2. “Cooking is the toughest thing, time does not always offer itself, therefore ease of eating out takes over. Easiest has been walking, going pretty well. Lunches are very difficult on the road.”

3. “Leaving for Vegas on the 19th, sticking to no carbs until we leave, dealing with repercutions afterwards. Try to continue to walk daily, bike 2 times per week.”

Starting Weight: 268.8 lbs
Current Weight: 261.0 lbs
% Change: -2.91% 

Shane (Me) 

Me

1. “Things haven’t gone well at all. It started with problems with the scale I bought, which is a piece of shit. I think I have it figured out now. Anyways, I’ve been sickish so working out has really taken a backseat. Cooking took a little bit of a backseat too, especially with traveling for my interview.”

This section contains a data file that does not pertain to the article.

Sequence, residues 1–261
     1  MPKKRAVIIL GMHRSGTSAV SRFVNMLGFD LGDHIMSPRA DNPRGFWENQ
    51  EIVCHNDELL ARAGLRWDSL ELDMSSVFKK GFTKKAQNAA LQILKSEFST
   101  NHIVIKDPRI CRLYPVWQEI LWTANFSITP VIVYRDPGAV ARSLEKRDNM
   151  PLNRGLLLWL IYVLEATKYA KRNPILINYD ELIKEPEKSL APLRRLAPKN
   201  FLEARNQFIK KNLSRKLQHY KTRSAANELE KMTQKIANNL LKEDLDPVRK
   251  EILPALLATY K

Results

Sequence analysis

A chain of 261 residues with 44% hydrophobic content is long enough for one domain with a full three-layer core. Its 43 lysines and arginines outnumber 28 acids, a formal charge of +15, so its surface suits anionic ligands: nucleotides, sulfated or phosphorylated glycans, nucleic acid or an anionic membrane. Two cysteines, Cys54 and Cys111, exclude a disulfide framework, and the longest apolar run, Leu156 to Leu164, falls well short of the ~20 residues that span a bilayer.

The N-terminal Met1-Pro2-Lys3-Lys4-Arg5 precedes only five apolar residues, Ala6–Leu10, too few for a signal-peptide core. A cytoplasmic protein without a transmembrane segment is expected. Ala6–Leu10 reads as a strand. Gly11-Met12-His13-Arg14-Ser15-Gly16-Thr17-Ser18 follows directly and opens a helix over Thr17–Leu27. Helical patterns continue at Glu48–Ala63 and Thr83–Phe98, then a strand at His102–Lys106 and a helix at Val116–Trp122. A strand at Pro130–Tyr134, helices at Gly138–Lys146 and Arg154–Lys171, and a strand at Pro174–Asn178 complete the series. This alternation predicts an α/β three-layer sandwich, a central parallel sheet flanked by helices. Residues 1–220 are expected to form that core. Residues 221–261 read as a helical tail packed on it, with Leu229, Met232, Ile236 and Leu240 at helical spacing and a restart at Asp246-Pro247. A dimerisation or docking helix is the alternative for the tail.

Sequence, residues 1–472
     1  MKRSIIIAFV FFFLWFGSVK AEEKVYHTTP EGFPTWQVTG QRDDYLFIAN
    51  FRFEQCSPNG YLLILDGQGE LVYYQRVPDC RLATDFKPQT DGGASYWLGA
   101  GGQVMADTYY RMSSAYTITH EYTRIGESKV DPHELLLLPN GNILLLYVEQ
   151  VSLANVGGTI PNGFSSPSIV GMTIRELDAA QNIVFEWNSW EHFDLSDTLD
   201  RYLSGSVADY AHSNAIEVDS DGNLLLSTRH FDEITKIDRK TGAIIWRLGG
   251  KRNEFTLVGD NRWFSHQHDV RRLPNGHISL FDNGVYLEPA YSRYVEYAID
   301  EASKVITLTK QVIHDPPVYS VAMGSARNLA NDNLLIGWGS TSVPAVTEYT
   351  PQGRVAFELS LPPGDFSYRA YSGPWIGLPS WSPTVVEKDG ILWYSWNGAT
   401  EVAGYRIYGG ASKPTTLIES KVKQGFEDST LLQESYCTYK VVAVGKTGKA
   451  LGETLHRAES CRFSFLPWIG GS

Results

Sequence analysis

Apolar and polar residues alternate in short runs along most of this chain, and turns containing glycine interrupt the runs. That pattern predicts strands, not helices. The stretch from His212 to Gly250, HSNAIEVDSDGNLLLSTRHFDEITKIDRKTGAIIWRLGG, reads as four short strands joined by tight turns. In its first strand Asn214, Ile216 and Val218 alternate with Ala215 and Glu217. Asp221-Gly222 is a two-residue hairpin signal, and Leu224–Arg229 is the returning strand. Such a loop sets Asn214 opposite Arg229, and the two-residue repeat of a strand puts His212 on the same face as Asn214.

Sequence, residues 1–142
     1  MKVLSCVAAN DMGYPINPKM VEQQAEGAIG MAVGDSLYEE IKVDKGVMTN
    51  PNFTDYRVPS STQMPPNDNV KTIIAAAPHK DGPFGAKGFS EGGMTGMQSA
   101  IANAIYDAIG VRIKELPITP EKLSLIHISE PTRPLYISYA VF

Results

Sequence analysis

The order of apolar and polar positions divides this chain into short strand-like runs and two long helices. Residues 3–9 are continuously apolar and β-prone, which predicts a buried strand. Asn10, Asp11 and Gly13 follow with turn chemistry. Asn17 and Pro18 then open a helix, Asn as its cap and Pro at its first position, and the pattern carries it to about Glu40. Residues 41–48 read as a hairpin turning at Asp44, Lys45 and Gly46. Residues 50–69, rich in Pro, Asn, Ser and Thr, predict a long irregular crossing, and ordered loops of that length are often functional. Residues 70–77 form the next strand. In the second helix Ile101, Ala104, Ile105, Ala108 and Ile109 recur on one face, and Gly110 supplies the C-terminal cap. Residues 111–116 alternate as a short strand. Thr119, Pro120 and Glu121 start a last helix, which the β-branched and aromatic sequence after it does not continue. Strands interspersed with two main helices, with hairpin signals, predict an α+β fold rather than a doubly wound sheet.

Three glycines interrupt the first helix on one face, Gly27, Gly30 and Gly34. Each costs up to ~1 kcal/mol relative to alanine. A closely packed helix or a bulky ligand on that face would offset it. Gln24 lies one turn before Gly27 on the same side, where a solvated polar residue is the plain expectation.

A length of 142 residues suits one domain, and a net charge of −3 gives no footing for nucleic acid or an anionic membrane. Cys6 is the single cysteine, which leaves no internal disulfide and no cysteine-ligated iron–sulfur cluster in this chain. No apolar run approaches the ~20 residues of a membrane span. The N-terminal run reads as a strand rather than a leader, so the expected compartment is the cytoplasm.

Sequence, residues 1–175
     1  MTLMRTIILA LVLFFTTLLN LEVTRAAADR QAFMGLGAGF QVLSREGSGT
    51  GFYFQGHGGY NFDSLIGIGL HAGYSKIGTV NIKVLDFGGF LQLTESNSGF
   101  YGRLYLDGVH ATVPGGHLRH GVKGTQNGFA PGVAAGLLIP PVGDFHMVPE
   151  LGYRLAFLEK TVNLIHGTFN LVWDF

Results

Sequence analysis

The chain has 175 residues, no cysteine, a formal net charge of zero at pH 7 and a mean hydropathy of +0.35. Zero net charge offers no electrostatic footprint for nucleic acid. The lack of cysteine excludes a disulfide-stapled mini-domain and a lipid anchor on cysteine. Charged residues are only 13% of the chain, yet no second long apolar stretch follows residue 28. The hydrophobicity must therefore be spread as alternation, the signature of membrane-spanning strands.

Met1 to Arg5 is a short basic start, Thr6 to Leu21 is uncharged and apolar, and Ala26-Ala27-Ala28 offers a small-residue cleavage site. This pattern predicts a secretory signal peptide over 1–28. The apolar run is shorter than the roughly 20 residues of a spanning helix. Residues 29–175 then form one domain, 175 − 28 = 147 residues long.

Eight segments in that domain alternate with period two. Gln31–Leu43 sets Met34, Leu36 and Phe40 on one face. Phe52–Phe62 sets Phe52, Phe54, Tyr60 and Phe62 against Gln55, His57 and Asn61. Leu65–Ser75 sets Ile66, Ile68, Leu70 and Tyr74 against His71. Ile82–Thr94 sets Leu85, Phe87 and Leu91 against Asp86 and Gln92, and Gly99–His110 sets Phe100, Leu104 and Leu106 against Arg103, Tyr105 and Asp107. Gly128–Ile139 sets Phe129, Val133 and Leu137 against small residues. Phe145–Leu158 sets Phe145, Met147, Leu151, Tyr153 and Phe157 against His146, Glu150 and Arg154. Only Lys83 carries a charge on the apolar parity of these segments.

2. “Toughest thing has just been getting past this cold/allergies/hell. Not really any easiest yet.”

3. “Well, as soon as I feel better it’s back to the boxing gym. I have 2 weeks left on the membership there. Hopefully I’ll be playing some tennis with my brother (and if I lose again, the racquet probably isn’t surviving). I’d like to get back to the climbing gym soon. I miss going there but I could really use someone to go with so I can climb a couple full walls instead. Cooking should be back on track now. Trying to keep the carbs down a bit still and focusing on cutting down on the grazing throughout the day.”

Starting Weight: 196 lbs* (corrected)
Current Weight: 195 lbs
% Change: -0.51 %

So, not a great start for me. Dan and my dad are off to a good start though, but Dan’s trip to Vegas could give me a chance to get back into it. Regardless, I’ve got to pick up our game.